Q6)

Arbitrage opportunities occur when a company’s price across two markets is different, and will always have a positive Net Present Value. An investor, (who is known to be greedy and want any possible risk free return), will immediately attempt to buy the lower priced share on one market, and sell the same share on the higher priced market, instantly making him/her a no risk return. Everyone will attempt to trade using this method quickly, therefore, the lower priced market will rise and the higher priced market will fall, both eventually ending up at the same price. All markets aim to have an absence of arbitrage to stop any greedy investors from exploiting risk free returns.

“If equivalent investment opportunities trade simultaneously in different competitive markets, then they must trade for the same price in both markets” [3]. If the Law of One Price is being applied correctly, there will be in absence of arbitrage across all markets. Bond Prices and interest rates also need to follow the Law of One Price. If a bond of a certain market gave a higher return than the risk free rate, they both need to follow the Law of One Price. The risk-free interest rate must equal the return from the investment of the risk-free bond.

American Depository Receipts are quick and easy ways for investors in the US, to trade with foreign companies [10]. US banks will buy foreign shares and reissue them on US markets. However, each share does not equal the same amount as the original market. US banks will often group shares together, and reissue them separately on their markets. ADR’s exist because foreign companies don’t want the expense or hassle of listing their stocks on the foreign to them US market [10]. To invest in an ADR, brokers will need to buy foreign shares of said company, on their respective markets. He/she will then deliver these shares to a Custodian bank. Another bank, the Depositary bank issues receipts, on the basis those shares held by Custodian banks. Those receipts can then be traded freely across US markets, with payments, dividends etc., being paid in US dollars. ADRs save money by reducing foreign taxes and administration costs, and also because they give the company’ exposure.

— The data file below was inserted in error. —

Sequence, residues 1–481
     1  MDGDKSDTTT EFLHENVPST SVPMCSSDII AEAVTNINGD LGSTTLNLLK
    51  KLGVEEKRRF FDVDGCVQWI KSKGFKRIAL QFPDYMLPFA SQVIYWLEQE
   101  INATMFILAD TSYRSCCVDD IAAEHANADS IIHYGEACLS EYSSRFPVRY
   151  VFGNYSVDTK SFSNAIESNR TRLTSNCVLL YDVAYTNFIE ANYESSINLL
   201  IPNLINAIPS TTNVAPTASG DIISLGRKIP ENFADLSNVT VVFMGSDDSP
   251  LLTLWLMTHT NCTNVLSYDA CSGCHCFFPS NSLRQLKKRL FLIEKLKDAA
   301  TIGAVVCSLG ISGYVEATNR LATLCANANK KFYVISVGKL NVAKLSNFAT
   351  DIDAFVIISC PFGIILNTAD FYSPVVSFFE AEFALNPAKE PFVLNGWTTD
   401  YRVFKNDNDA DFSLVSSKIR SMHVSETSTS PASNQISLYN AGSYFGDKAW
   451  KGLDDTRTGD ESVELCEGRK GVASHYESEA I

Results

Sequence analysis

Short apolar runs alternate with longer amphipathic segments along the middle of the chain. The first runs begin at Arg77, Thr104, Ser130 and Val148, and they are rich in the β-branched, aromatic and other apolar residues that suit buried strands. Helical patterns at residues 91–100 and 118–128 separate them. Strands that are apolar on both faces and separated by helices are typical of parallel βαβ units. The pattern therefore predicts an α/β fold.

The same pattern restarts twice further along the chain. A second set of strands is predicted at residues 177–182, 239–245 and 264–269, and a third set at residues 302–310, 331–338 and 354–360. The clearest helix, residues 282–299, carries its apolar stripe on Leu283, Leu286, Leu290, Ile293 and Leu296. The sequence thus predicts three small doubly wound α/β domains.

There are many risks involved with ADRs. Like normal market shares, there are political risks, inflationary risks etc. However, with ADRs, there are exchange rate risks. Using Tesco as the example [8], as the exchange rate of USD: GBP continues to improve for the US market, many investors will be looking to buy into British companies as it’s cheaper for them to do so. As the British and US markets trade at different hours, the closing prices of the Tesco share will be different, but in the normal market, the price of Tesco will be the same across all of the three different exchanges, (the Law of One Price), relative to that of their respective growth rates.

Every Tesco ADR share represents 3 normal shares [8]. The current value of Tesco’s is 189.77p, and the value of its ADR = $7.19 [7]. If we divide the ADR value by 3.

Using the current exchange rate of £1 = $1.25512 [4]

£1.91 is slightly higher than the actual value of Tesco (£1.90), but this is not taking into consideration the costs of administration, and exchange fees. The above is showing how the Law of One Price is applied across two different markets.

**Bibliography**

[1] FT. (2017) *Rio Tinto PLC, RIO: LSE summary – FT.com*. Available at: https://markets.ft.com/data/equities/tearsheet/summary?s=RIO:LSE (Accessed: 24 February 2017).

[2]* About us* (2017) Available at: http://www.riotinto.com/about-us-108.aspx (Accessed: 24 February 2017).

[3] Berk, J. and DeMarzo, P. (2013) *Corporate finance*. 3rd edn. Harlow: Pearson/Education.

[4] *GBP – British pound* (no date) Available at: http://www.xe.com/currencyconverter/convert/?From=GBP&To=USD (Accessed: 24 February 2017).

[5] MINING (2011) *Market data – metal prices and world mining markets*. Available at: http://www.mining.com/market-data/ (Accessed: 24 February 2017).

[6] Payne, R. (no date) *Foundations of Finance*. Available at: http://moodle.city.ac.uk/course/view.php?id=22726#section-0 (Accessed: 24 February 2017).

[7] *Tesco PLC (ADR): OTCMKTS: TSCDY quotes & news – Google finance* (2017) Available at: https://www.google.co.uk/finance?cid=664658 (Accessed: 24 February 2017).

[8] Tescoplc (2016) *ADR information*. Available at: https://www.tescoplc.com/investors/shareholder-centre/adr-information/ (Accessed: 24 February 2017).

[9] *Thomson ONE banker* (no date) Available at: http://banker.thomsonib.com (Accessed: 24 February 2017).

[10] Staff, I. (2003) ‘American depositary receipt – ADR’, in Available at: http://www.investopedia.com/terms/a/adr.asp (Accessed: 24 February 2017).

### Cite This Work

To export a reference to this article please select a referencing stye below: